Who is Ivan Glasenberg?
Since becoming CEO in 2002, the 58-year-old helped transform the company from a commodity-trading house into a diversified mining group. He’s the second-biggest shareholder with an 8.4 percent stake. His fortune, which was estimated at $7.3 billion in July 2014, fell to $1.4 billion at the close of trading Monday, according to the Bloomberg Billionaire Index.
How does Glencore make money?
Of its $4.6 billion in first-half 2015 earnings before interest, taxes, depreciation and amortization, 74 percent came from mining, energy and agriculture, and 26 percent from trading.
How have shareholders fared?
The stock has lost 85 percent on a total-return basis since it began trading in May 2011, compared with a 65 percent decline in the MSCI World Metals & Mining Index. Most of the losses have come in 2015. It traded at 80.17 pence by 3:28 p.m. in London, down 73 percent this year.
What’s the trading risk?
An erosion of Glencore’s credit rating could impact its trading. While futures involve an exchange clearinghouse that guarantees trades, counterparties in other transactions may demand Glencore add collateral to back contracts if its credit rating deteriorates. However, because Glencore is a producer of raw materials, many of its positions may be designed to provide protection from a drop in prices. If so, they probably increased in value during the slump. Glencore’s impact on the rest of the market may not be big. Over-the-counter commodity swaps contracts had a notional value of $1.9 trillion at the end of 2014.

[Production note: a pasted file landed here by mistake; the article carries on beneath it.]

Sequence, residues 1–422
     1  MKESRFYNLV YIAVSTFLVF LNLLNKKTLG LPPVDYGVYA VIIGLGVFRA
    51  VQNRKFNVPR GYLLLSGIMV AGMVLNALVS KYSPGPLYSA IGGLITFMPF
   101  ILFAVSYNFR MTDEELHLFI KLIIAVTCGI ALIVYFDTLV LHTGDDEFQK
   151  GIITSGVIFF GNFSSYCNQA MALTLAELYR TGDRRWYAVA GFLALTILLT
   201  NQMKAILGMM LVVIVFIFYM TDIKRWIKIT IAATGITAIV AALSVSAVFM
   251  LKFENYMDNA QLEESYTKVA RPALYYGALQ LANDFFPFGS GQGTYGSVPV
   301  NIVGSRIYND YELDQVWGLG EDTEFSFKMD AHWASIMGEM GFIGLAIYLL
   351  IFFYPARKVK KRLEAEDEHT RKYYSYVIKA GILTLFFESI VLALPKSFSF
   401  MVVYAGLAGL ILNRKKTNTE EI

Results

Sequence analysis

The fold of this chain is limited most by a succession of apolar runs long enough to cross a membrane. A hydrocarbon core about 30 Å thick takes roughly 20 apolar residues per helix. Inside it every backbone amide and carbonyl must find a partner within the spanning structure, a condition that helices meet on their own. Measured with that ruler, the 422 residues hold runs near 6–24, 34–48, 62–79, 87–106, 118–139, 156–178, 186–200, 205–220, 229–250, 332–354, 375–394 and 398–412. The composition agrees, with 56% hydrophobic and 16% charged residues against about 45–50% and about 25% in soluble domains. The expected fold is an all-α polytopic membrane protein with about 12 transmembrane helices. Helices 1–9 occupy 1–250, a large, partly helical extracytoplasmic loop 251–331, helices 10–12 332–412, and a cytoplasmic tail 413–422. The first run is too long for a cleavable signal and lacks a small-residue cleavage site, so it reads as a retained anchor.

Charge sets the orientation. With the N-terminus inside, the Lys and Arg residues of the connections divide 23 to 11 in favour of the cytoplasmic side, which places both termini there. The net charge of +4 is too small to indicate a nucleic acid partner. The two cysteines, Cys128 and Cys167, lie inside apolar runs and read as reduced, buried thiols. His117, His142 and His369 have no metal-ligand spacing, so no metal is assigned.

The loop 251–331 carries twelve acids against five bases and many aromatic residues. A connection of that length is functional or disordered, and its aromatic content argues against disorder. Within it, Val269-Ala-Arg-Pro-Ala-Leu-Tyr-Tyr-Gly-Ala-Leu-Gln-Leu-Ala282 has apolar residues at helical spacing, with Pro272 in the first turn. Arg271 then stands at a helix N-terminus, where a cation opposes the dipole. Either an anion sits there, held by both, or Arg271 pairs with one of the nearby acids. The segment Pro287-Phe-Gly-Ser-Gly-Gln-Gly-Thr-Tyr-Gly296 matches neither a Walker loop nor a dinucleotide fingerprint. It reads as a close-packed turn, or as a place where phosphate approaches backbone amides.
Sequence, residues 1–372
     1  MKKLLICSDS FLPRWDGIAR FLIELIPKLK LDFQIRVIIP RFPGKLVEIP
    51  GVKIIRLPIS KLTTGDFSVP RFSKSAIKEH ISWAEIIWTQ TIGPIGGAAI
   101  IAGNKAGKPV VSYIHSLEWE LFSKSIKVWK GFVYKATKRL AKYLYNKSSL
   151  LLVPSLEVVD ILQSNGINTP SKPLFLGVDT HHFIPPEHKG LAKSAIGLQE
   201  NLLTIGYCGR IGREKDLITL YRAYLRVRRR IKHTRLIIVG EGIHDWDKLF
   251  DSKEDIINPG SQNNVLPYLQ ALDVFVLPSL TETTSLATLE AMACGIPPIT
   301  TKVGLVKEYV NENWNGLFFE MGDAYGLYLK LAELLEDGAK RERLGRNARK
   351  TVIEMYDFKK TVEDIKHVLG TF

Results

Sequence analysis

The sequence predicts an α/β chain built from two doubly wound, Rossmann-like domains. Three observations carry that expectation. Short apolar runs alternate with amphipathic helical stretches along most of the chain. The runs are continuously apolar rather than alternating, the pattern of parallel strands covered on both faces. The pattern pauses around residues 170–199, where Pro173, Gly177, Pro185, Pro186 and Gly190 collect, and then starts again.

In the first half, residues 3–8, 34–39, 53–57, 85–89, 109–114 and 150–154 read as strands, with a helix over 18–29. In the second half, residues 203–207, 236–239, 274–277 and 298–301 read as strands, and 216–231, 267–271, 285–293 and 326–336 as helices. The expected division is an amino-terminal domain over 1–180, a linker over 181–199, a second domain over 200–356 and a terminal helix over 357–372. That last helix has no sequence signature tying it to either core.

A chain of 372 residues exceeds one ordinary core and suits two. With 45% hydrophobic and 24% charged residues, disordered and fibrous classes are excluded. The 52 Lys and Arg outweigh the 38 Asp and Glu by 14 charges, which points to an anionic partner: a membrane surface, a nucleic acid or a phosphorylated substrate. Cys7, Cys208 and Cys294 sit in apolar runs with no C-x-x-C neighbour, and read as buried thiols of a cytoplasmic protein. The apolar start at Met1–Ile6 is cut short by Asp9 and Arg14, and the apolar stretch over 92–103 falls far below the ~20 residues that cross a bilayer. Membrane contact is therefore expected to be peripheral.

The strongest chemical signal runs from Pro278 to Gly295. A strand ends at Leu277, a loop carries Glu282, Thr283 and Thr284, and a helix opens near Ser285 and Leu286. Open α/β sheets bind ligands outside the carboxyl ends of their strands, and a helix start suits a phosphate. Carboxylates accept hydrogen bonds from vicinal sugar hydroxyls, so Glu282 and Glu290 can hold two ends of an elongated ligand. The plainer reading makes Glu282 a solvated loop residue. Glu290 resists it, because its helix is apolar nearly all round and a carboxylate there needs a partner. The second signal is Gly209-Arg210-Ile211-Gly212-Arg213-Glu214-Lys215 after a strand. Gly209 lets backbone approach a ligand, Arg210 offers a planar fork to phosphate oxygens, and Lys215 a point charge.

What else is at risk?
Equity holders may be left with little value unless commodity prices recover, Investec Plc said in a report Monday. And of course, any bondholders stand to lose out too. Beyond that, any analysis of whether problems at the trader might create systemic risk probably would focus on financial companies that are trading partners. The failure of big commodity traders is “not analogous to Lehman in any way,” Pirrong said. “Glencore or these other companies are moving not because there is a contagion but because they are all affected by the same bad fundamentals.”
How much debt does Glencore have?
As of June 30, the company reported net debt of $29.55 billion.
Who regulates the company?
There’s no national or supranational entity regulating commodity-trading companies, according to Pirrong. Still, some of Glencore’s activities are subject to supervision by regulators. For instance, its American futures trading falls under the jurisdiction of the U.S. Commodity and Futures Trading Commission. The Financial Conduct Authority provides the same role in the U.K.
Who are Glencore’s competitors?
Competitors include energy traders Trafigura Beheer BV, Noble Group Ltd., Vitol SA; copper producers including Chile’s Codelco, Freeport-McMoRan Inc., BHP Billiton Ltd. and Rio Tinto Plc; zinc suppliers like Korea Zinc Co., Nyrstar NV, and Brazil’s Votorantim Industrial SA.
Peter Grauer, the chairman of Bloomberg LP, the parent of Bloomberg News, is a senior independent non-executive director at Glencore.